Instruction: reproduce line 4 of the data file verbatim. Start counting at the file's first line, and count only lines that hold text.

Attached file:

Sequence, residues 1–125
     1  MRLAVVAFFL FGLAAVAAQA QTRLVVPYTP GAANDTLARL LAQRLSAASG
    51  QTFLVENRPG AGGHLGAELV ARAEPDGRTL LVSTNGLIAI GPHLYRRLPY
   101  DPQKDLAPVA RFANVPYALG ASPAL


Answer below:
   101  DPQKDLAPVA RFANVPYALG ASPAL